Anyway, back to the better points of Tunisia. Firstly the coast really is stunning, my hotel had a private section of totally unspoiled beach (you could even take a camel ride into the desert). But my main interest was the city of Tunis and the remains of the ancient city of Carthage.

Tunis is a big city; most of the inhabitants of the Country live in or around it. The old city (the medina) is a wonderful maze of streets, unchanged for centuries, containing monuments, mosques and the wonderful souk or market. This is a proper market for the local people, and not tourists (though there are some tourist bits). The fish market was extraordinary, with a smell to remember for life (in a good way), and the clothes part also interesting (as they mostly sold tight jeans, fashionable tee shirts and branded trainers which the local young men wear). There was also some real craftsmanship on show, I was particularly impressed by the hat workshops, where the traditional felt hat of the country is made, and wood workshops where chessboards and much besides were made. There are also some traditionally dressed figures in the souk, old men wearing the red hat and constantly smoking black cigarettes, some of the cafes are very atmospheric indeed (not to mention smoke filled, like everywhere unfortunately). The Zitouna Mosque is in the middle of the souk, and buildings dating from the 8th century onwards. It is a beautiful oasis of calm in the middle of a really mad market (which makes Oxford Street look deserted, remember these are narrow alleyways). Next to the old city you have the Ville Nouvelle, or new town, started by the French in the 1880’s, when they took over rule from the Ottomans. The new town has big boulevards and grand white buildings, just like a mini Paris, and the cafĂ© culture is very similar (though strops surprisingly early). Here we have a white stucco national theatre, a bizarre hotchpotch of a Cathedral (with a huge figure of Jesus and his outstretched hands above the monumental doors) and the grand French Embassy. There is also a metro line, which takes passengers on a causeway over Lake Tunis, to the suburban towns beyond (including Carthage, and almost to the place where we stayed). All I’ll say about the metro is that it was an ‘experience’, and that most of the stations didn’t have name signs. Food wise, I’d highly recommend Dar El Djed, a fabulous and luxurious restaurant in the old city (but at prices you would pay in a London Pizza Express type place). Dining in a former Ottoman mansion with a beautiful courtyard, carvings and doorways, is a real visual pleasure (never mind the food). They even splash rose water on your hands as you leave (not compulsory).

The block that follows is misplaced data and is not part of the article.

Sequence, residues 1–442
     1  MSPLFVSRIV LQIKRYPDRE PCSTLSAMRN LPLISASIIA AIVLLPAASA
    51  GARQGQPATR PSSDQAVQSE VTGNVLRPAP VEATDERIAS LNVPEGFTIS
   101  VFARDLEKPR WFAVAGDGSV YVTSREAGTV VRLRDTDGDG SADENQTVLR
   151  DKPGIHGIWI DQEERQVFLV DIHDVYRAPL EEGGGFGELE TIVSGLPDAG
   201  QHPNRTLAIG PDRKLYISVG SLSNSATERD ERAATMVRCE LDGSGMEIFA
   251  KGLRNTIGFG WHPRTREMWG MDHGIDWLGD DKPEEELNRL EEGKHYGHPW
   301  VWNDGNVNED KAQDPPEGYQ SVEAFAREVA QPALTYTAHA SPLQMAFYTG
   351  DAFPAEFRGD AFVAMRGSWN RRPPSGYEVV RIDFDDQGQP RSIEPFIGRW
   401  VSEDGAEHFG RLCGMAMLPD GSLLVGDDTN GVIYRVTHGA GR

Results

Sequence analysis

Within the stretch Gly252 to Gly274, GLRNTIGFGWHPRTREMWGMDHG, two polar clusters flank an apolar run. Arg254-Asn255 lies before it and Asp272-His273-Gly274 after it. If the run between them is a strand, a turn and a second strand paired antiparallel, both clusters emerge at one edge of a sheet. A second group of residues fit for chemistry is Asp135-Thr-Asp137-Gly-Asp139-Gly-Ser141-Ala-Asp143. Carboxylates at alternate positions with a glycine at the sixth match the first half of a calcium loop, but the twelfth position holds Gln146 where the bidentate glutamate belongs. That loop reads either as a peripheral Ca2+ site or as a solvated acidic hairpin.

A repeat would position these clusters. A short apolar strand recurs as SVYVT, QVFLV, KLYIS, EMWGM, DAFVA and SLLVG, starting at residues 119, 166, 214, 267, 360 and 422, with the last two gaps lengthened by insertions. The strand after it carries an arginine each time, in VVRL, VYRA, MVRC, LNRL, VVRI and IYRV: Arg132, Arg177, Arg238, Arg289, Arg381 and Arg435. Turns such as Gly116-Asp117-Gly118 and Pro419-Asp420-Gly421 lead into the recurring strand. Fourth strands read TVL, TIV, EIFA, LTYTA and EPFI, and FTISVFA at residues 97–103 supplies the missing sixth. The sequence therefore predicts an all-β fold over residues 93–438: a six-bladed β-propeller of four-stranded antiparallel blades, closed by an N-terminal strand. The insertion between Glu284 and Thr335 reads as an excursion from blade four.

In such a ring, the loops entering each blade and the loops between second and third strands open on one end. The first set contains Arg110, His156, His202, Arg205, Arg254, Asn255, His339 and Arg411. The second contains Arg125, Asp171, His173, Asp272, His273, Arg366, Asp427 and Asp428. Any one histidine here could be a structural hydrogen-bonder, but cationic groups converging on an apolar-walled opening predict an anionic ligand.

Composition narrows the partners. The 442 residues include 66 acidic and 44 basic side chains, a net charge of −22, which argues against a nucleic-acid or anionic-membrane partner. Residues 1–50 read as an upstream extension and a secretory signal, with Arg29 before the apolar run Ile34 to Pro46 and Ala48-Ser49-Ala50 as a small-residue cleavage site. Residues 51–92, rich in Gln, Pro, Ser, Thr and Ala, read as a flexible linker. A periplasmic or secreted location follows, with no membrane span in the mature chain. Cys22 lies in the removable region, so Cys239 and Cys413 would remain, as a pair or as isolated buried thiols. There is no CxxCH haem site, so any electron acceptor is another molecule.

Looking for the remains of Roman Carthage (they destroyed anything before them) is not easy, and you’ll have to take cabs (which cost insignificant amounts). The remaining sites are disparate and of varying quality, but overall well worth seeing. The highlights were the Antonin Baths, a huge Roman bath complex (only the underground, but now effectively ground level, section remains, which is still very impressive), and the Carthage Museum and grounds (some remains and lots of random columns), which has a now ex-Cathedral next to it (another French import), and it is very bizarre to go into this large space and find it completely empty and devoid of all the usual religious trappings. Nearby the beautiful village of Sidi Bou Said is also well worth a visit, the small (care free) streets of white houses with blue ironwork bustle with flaneurs (mostly Arab). It is an exclusive location, where many wealthy people live, and has some excellent restaurants. We dined on a terrace overlooking the sea and with the lights of the city shimmering in the distance as the sun set, it was a cosmopolitan crowd and the food was a fusion of classic French and Tunisian cooking (the food in Tunisia has many cultural influences).